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About zoggo

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  1. Worst Book Ever Awards

    Electric Circuits by James W. Nilsson, Susan Riedel For want of a less crude way of putting it, this book is quite simply piss poor! The authors clearly wrote a bit of each chapter at a time not finishing one before moving on to the next. Concepts are regularly used in earlier chapters without any explanation despite the fact that they are not introduced until much later in the book. Also, the worked examples are all ludicrously simple yet the problems are much harder and only numerical answers are provided. Unfortunately circuit theory generally requires generating and solving a rather nasty set of simultaneous equations so the probability of messing up is quite high even if you have got the method right. As if that wasn’t enough, the follow on course to this one required a different book. Fortunately the next book sucked a whole lot less but, irritatingly, covered the previous semester’s stuff much more clearly.
  2. The Cost of Music Piracy

    The title of this thread is actually misleading I think, but here goes... I assume there are many reasons why people feel that music piracy (or any other type of piracy) isn't theft. However, one of my big problems with the record industry in particular is that 10 pounds (give or take) for a CD seems like quite a lot. Perhaps I wouldn't mind but I have a nasty cynical suspicion that a large portion of my cash is paying for things unrelated to the production and distribution of music, fat cat wages for example! I don't know if the facts bare this out or not but I suspect it is a perception shared by others. My questions boil down to these: Is this a common perception? Do people think that piracy would decrease if publishers were more open about what their true costs were? (Or are other factors more important?) Does anybody have any credible sources to establish whether the suspicion is justified?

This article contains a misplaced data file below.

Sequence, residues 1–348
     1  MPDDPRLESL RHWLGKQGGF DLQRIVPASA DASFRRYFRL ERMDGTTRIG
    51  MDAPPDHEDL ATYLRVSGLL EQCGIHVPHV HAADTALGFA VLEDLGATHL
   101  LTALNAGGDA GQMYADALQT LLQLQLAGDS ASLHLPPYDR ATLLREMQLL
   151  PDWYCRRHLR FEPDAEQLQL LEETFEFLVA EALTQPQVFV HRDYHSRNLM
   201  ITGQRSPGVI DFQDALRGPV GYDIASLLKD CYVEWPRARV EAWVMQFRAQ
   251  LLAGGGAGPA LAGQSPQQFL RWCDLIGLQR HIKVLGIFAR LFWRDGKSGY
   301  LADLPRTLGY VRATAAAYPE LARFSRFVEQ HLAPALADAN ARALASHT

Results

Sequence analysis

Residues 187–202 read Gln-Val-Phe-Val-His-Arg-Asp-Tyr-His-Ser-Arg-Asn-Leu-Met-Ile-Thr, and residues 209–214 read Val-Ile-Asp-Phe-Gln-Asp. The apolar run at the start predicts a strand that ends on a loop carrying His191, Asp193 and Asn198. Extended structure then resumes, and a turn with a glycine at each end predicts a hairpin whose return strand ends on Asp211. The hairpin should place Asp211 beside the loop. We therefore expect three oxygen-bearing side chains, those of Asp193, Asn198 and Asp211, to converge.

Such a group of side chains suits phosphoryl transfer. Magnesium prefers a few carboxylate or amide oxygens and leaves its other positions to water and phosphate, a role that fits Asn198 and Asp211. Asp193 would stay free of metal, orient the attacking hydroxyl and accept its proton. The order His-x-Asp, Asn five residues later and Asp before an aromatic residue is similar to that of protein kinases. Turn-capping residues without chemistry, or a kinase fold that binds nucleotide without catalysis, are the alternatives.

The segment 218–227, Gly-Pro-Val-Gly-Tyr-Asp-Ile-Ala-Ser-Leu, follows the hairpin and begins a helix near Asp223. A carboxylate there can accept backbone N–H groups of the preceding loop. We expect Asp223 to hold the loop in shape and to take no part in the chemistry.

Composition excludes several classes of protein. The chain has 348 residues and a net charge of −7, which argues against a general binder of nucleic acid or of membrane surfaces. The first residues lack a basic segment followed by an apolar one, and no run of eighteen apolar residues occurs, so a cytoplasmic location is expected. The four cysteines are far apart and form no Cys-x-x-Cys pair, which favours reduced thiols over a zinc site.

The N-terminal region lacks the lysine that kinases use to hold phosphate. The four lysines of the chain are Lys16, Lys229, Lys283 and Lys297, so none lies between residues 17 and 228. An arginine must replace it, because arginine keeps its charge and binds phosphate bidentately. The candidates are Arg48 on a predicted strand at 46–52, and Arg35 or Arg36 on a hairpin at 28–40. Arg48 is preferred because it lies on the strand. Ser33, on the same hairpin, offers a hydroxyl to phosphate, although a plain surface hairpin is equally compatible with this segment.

3. Which Window to render to

    OpenGL windows should have the CS_OWNDC class style. With this style, you never need to release the DC for each window. ReleaseDC is specified as not doing anything with private DCs anyway, so short of destroying the window, you can't release private DCs at all.
  4. Very often, DCs returned by GetDC do not need to be released at all. In particular, on the ReleaseDC MSDN page: Quote:Class and private DCs do not have to be released. I would strongly suspect that being an OpenGL windows, your DC is private. A private DC is one from a window with class style WS_OWNDC specified. In fact, if it's a top level window then it is highly unlikely to be using WS_PARENTDC which is the only one that needs releasing. Also, bare in mind that ReleaseDC returns a status code, not an error code. It merely says whether the DC was released or not. It might not be released for perfectly harmless reasons. Actually, releasing a private DC qualifies as a harmless operation because it is well defined as having no effect. Unfortunately, this is just one in a long line of irritating semantic inconsistencies with the Win32 API.
  5. edit box inserting return

    The Windows edit box ignores new lines on their own. You may need to insert a carraige return/line feed pair. Basically, you need to include a \r as well. There are a few reasons why Windows may be jerking you around, but I have certainly come across this one before. It's the root cause as to why Notepad can't hack Linux or Mac formatted text files.
  6. Great News!!!! (Pics on page 2!!!)

    For the rest has been said already... One small step for man... One giant leap for nerd-kind!!!
  7. What Major??

    Or u could do the "almost CompSci" choice which I fell for: Electronic Engineering Masters.
  8. NT services

    You can use policies to do this sort of thing which means there is probably a registry entry you can tweak. That could easily be made into a per user thing.
  9. Interesting C++ Case